Election 1960
Election 1960 – despite spin and predictions, it all came down to the voting booth.

Election 1960 – Political issues – The Open Mind – January 17, 1960 – Gordon Skene Sound Collection

Election 1960 – same as it always was; speculation, mulling over the issues, who was a frontrunner, what did each of the parties want – who was likely to be sitting in the White House, come 1961.

Almost a ritual, as it has been since the country got started; putting a finger (or trying) on the pulse of a nation, trying to get a sense of how the voter make their choice – what issues were the most important. Many felt it was no longer about issues but what the personality of the candidate was like – that perhaps we were becoming more simplistic in our search for a new leader.

In 1960 we were coming out of a period of moderate calm, but high anxiety. The Eisenhower years laid the groundwork for issues to bubble to the surface in the decade ahead. Civi Rights, the Cold War, the economy, the quality of life.

56 years ago we were much simpler; things seemed more cut-and-dried in 1960 than they do in 2015. The tone of political discourse has changed dramatically in those nearly 6 decades – the divisions not so sharp.

But in 1960 there was change in the air, and it was still met with a goodly degree of resistance – the generation of World War 2 was growing older and a new generation was slowly coming of age. How that would bode for political change was anyones guess. But we were still pretty entrenched in the 1950s – still afraid of Communist domination – still fearful we would lose the Space race – still wondering just how the issue of Civil Rights would be resolved, or even addressed. Certainly, huge steps were taken in the 1950s in the area of Civil Rights – and the confrontations based on resistance to that change were evident as early as 1954. But the issue hadn’t been fully addressed, the age-old discriminations were just as prevalent in 1960 as they were in 1954 when a certain Rosa Parks came into national prominence, and schools were woefully slow in desegregation, despite a Supreme Court Ruling.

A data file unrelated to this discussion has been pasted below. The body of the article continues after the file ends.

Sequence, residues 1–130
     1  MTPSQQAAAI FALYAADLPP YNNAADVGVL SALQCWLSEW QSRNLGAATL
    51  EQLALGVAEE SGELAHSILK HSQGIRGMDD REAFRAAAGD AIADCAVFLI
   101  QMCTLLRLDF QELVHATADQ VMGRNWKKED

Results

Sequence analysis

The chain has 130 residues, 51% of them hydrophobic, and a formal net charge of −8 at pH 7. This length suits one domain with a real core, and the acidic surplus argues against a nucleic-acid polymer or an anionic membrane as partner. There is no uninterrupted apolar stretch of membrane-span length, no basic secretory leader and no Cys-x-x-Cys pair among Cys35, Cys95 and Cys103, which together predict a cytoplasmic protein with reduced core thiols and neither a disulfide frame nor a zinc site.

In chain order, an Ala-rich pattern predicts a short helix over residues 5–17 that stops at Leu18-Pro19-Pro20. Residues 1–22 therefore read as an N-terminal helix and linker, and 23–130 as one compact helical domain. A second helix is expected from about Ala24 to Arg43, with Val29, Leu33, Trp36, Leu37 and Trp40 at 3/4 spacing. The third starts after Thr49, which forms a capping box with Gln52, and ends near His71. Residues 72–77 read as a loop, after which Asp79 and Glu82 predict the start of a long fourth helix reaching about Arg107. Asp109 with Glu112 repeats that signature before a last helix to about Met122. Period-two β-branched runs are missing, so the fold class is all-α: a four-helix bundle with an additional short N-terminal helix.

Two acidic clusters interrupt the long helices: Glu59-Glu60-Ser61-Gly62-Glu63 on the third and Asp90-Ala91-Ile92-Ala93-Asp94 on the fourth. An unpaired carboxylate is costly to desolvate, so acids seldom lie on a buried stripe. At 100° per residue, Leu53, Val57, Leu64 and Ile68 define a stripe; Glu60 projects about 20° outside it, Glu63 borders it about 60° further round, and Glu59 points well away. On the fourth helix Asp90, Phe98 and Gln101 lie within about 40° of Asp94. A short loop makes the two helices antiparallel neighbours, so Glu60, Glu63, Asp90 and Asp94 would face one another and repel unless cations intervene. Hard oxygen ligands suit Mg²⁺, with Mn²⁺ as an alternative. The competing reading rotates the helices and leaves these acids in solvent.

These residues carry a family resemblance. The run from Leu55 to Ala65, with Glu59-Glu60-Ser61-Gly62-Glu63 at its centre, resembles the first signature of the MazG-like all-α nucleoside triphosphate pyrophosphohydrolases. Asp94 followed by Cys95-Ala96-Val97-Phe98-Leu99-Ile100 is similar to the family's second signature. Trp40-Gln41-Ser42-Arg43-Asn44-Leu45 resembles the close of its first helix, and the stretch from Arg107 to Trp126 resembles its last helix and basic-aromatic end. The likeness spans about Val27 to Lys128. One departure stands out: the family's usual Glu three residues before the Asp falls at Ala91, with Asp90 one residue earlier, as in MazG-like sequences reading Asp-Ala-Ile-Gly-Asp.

Many of those issues, and many more were discussed in this episode of The Open Mind – a discussion program dealing with issues of the day. The panel was made up of pundits of the day – the moderator was Eric F. Goldman, professor of History at Princeton.

Here is that episode of The Open Mind, as originally broadcast on January 17, 1960.

Liked it? Take a second to support gordonskene on Patreon!